Then, there are fashion retailers that only sell merchandise purchased from manufacturers. These include stores like Bloomingdale’s and Neiman Marcus. There are also many manufacturers that also have their own fashion retail locations such as Polo Ralph Lauren, Armani Exchange and Nicole Miller. Other apparel retail stores have their own product development teams and have merchandise manufactured specifically for their private label designs such as Gap, Old Navy, and Express. In addition to purchasing merchandise from outside manufacturers, many department stores also have their own private label collections. Examples are: I.N.C. (Macy’s), and Arizona Jeans (JC Penney).

Pre-Fall 2011

The largest employment opportunities out there lie within mass-market apparel companies. They often pay rather well to begin with, however these figures usually level off after a few years of experience. The higher-end fashion markets pay less to start, and work hours are longer, but the prestige you’ll receive from such reputable companies will do wonders for your resume.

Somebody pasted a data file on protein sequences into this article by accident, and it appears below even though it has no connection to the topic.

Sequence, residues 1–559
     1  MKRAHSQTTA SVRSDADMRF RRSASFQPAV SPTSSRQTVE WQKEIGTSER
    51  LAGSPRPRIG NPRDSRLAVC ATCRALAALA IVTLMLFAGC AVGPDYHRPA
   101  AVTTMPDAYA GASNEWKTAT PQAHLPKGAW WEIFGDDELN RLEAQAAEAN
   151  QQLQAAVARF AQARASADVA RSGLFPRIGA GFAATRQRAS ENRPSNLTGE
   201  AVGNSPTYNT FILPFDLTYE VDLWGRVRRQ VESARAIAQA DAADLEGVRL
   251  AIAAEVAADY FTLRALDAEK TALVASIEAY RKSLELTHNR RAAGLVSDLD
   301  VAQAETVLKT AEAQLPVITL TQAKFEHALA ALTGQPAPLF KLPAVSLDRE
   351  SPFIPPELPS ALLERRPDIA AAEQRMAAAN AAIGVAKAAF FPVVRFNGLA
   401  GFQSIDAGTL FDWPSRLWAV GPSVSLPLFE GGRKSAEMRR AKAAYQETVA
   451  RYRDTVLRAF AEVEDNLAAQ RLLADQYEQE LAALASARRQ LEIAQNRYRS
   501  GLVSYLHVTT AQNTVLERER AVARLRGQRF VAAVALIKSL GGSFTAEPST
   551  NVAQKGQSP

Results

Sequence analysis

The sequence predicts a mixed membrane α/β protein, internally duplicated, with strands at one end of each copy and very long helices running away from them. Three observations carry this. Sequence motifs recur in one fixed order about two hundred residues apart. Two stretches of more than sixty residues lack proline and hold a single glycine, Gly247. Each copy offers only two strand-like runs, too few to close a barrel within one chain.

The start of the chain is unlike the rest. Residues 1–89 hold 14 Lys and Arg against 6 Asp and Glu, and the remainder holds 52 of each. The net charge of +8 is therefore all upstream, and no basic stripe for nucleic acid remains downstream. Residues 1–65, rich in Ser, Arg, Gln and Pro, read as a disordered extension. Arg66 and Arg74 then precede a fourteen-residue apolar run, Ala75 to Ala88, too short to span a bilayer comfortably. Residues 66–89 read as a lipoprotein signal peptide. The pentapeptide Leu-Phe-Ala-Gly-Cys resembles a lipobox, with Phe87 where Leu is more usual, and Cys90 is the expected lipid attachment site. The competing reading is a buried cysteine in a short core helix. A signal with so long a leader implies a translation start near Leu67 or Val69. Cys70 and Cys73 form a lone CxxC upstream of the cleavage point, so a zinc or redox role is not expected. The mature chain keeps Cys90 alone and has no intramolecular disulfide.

Source: Desigernexus.com

 

Read also:


1 Comment

Filed under Ad Campaign, Advertising, Agency, Apparel Production Manager, Business, Commercial, Communications Manager, Costume Design, Cutting Assistant, Design, Digital Creative, Eco Fashion, Fabric Buyer, Fabric Quality Control Manager, Fashion, Fashion Coordinator, Fashion Design Production, Fashion Designer, Fashion Industry, Fashion Internship, Fashion Jobs, Fashion Journalist, Fashion Marketeer, Fashion Marketing, Fashion Mercendising, Fashion Model, Fashion Photographer, Fashion Retailer, Fashion Show, Fashion Stylist, Lookbook, Luxury Brand, Magazines, Make-Up Artist, Management, Market Research, Marketing, Marketing Manager, Merchandising, Motionbook, Networking, Niche Market, Personal Stylist, Photographer, PR Manager, Presentation, Print, Production Pattern Maker, Publicity, Research, Sales Representative, Target Market, Technical Designer, Television, Trends, Viral Campaign, Window Display